Health inspectors and any health type professionals for that matter always push for more handwashing as it is the best measure to reduce spread of microorganisms. Proper handwashing involves lathering with soap and water using friction for 10 seconds or so, then drying with a clean paper towel. Hand air dryers are not recommended because they simply don’t dry hands efficiently. This results in moist hands that support microbial growth and therefore defeating the purpose of handwashing altogether.
The New Zealand Herald reports,
A third of New Zealand’s schools are using hand dryers that are potentially leaving children’s hands dirtier than when they left the toilet cubicle.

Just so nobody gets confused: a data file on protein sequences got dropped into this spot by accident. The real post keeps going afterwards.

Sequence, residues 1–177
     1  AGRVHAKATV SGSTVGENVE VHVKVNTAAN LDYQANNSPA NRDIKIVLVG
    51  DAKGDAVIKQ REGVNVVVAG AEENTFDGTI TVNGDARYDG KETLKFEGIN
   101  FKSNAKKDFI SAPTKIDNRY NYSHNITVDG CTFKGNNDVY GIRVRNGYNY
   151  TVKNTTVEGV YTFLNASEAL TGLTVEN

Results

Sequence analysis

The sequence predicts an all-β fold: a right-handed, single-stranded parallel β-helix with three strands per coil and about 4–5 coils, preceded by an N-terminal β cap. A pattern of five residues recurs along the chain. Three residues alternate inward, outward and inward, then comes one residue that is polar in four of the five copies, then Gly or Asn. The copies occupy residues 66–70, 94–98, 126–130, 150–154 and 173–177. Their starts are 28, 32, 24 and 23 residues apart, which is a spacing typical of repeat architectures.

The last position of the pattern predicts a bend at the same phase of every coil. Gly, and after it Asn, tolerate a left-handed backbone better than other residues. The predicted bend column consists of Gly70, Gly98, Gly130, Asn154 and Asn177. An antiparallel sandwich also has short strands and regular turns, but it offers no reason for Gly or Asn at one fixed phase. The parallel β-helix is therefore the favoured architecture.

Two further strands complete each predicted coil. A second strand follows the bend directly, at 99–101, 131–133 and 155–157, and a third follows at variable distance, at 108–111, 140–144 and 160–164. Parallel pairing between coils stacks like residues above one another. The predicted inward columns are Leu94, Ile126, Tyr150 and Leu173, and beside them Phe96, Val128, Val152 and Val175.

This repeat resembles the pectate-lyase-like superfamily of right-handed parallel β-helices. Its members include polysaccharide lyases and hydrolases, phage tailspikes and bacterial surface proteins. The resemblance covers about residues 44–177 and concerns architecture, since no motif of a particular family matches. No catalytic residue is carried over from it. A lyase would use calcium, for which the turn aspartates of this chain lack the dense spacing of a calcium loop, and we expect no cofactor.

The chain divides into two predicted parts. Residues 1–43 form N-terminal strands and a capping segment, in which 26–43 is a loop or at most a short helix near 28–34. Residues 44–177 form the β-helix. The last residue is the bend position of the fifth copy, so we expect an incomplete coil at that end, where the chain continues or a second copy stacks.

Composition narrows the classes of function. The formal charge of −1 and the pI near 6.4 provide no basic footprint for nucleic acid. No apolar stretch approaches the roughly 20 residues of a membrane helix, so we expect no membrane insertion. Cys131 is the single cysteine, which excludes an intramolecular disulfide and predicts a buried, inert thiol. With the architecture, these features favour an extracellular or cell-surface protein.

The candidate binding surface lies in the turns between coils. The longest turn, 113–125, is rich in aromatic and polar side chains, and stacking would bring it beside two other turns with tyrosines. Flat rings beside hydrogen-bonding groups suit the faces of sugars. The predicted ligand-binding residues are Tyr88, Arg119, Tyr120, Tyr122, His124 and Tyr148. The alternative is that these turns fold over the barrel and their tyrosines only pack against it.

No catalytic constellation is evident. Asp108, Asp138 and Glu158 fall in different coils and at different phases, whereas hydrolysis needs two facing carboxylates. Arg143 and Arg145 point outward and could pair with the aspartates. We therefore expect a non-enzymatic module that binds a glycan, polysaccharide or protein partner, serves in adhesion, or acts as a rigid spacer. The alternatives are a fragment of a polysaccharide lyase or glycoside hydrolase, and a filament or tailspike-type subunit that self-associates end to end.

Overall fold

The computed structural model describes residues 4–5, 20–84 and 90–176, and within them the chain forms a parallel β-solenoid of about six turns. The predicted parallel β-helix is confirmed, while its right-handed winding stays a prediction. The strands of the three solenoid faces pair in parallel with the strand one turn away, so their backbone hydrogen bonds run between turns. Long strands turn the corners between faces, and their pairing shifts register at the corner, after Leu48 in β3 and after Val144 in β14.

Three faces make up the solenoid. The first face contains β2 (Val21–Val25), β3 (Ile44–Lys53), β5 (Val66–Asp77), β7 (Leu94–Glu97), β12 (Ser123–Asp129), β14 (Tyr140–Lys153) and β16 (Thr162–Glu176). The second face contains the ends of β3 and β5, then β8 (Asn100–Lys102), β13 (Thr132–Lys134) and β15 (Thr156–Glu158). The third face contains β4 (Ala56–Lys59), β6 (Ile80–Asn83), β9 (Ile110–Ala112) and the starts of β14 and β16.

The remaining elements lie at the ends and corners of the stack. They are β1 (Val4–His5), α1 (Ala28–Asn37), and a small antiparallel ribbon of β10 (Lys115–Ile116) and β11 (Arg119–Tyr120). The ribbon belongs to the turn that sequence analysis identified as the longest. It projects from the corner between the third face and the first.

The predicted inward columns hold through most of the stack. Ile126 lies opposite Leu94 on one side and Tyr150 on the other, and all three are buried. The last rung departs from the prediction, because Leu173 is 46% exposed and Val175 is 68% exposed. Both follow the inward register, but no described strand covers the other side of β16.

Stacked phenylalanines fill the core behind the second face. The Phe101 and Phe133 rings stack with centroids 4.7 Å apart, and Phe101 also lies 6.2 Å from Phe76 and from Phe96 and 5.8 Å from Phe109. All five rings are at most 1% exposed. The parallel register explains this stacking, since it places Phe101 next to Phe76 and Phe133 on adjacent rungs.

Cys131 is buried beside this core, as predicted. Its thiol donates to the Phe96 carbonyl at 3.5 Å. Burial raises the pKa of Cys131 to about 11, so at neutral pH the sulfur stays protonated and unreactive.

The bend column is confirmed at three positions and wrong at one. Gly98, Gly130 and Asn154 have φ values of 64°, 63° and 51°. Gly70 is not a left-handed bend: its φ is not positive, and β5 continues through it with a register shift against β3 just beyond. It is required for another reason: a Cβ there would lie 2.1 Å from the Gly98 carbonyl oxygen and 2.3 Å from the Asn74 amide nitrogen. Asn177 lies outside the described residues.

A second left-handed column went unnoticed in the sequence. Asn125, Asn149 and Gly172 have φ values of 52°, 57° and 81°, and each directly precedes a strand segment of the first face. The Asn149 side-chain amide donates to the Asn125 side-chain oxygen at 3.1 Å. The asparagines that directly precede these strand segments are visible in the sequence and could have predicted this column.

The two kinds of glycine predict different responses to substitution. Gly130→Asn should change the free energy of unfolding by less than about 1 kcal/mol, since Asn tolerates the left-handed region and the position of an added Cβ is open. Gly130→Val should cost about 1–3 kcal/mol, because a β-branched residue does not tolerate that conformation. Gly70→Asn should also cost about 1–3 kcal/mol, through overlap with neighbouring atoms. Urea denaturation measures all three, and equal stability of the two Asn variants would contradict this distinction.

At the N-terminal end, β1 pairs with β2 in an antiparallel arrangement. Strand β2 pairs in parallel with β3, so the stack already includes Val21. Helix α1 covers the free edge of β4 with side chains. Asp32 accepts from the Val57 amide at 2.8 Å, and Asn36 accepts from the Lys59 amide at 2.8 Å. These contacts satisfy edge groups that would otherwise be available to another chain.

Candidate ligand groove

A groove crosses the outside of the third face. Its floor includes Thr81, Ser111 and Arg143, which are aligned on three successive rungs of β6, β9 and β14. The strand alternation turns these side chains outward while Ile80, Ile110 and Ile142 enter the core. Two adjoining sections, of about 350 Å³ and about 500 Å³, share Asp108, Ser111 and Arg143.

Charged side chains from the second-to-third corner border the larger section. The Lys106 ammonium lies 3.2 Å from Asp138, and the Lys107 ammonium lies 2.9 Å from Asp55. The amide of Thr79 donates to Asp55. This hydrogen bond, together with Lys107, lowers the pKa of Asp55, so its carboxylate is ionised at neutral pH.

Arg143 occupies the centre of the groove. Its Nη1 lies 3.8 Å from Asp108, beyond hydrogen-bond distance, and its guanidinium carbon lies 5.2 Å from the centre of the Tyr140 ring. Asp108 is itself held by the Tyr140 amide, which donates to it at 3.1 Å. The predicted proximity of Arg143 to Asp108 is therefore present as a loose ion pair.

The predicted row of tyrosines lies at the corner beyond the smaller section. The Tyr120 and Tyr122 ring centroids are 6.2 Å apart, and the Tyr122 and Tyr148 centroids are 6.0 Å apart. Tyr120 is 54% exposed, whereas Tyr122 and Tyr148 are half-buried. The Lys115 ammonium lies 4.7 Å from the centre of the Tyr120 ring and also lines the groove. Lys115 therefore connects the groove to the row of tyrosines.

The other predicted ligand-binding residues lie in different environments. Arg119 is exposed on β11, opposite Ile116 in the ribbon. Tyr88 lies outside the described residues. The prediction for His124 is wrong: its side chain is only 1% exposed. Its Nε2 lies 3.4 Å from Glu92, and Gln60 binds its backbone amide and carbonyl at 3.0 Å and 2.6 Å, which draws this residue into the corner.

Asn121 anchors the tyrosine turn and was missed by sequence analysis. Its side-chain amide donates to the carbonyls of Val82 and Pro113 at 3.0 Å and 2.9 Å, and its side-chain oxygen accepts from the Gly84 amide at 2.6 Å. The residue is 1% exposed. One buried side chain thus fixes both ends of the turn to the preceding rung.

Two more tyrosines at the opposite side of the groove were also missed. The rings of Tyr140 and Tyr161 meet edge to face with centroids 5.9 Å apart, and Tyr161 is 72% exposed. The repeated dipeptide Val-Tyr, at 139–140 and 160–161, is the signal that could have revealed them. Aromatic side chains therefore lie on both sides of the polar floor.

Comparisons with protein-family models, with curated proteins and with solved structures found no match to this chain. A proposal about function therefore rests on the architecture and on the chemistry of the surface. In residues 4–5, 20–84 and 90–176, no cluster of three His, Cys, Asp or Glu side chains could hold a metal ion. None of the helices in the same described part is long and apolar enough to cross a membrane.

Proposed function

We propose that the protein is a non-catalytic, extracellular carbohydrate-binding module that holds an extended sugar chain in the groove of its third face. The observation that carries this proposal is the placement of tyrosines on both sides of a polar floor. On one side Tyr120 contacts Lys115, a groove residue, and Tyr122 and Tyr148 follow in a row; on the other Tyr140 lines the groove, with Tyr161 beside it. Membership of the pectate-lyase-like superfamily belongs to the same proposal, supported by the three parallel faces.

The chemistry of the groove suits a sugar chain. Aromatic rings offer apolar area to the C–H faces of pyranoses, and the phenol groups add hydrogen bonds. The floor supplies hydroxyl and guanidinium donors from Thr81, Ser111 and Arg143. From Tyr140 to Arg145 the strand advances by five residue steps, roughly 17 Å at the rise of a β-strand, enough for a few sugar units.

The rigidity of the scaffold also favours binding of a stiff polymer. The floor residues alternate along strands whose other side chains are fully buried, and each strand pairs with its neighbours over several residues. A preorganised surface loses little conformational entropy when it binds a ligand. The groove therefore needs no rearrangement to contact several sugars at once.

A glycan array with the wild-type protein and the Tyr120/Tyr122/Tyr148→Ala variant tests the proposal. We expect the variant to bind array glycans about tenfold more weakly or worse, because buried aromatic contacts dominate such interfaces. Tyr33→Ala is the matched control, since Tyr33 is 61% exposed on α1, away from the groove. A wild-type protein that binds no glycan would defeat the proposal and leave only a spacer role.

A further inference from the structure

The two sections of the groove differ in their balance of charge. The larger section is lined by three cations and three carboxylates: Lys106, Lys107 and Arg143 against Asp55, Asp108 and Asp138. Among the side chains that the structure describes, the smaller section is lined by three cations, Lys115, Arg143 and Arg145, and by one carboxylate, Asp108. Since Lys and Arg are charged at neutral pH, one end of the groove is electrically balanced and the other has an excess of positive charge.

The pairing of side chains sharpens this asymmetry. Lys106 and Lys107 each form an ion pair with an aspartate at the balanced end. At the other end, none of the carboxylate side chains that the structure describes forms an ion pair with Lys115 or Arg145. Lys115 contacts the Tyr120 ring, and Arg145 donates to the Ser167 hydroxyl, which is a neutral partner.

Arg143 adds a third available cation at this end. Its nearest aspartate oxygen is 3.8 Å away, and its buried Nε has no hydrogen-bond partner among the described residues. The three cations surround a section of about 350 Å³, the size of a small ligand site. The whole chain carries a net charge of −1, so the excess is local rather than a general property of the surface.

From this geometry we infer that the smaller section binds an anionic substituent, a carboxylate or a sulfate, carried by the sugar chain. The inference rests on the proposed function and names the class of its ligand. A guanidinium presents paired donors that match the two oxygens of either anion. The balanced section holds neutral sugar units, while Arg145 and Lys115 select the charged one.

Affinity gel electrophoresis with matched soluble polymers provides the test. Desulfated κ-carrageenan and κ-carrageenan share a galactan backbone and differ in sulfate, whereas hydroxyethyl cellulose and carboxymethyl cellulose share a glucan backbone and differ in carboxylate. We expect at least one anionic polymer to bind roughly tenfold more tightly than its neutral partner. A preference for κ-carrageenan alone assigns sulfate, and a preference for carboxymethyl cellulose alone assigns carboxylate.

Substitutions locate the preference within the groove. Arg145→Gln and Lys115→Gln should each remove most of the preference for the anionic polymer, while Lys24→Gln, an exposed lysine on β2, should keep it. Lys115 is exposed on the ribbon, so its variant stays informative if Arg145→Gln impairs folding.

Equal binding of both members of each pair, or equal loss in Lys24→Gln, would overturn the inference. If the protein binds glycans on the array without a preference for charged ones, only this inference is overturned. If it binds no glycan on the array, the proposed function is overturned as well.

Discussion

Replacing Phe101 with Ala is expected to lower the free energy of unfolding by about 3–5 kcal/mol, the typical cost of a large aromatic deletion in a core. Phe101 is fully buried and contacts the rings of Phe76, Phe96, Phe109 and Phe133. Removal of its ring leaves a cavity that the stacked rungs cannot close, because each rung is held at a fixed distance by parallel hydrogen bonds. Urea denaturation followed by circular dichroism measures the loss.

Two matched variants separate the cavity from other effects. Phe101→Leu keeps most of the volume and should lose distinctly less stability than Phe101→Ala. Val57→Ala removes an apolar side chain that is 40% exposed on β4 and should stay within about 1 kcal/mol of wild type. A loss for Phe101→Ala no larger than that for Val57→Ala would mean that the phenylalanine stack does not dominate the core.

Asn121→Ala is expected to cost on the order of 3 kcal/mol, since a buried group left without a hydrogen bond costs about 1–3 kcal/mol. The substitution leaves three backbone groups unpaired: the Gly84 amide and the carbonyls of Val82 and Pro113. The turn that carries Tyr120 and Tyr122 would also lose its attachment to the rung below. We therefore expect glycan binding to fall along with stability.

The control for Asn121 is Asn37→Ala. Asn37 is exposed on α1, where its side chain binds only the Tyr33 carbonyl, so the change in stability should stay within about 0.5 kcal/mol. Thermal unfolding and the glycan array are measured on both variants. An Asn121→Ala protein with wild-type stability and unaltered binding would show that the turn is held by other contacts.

The findings come from a study in which 400 New Zealand parents and 100 schools were asked about washroom hygiene.
SCA Hygiene Australasia commissioned the study in a bid to learn more about washroom behaviour, fears about the upcoming flu season and the best way to reduce bacteria on hands during the drying process.
SCA spokesman Mark Stevens said not all hand drying methods were created equal – but not everyone was aware of that fact.
"Most people know that washing your hands with soap and water is important but it is the method that you then use to dry them that determines how clean your hands are.
"The key is getting your hands dry because germs thrive in a moist environment."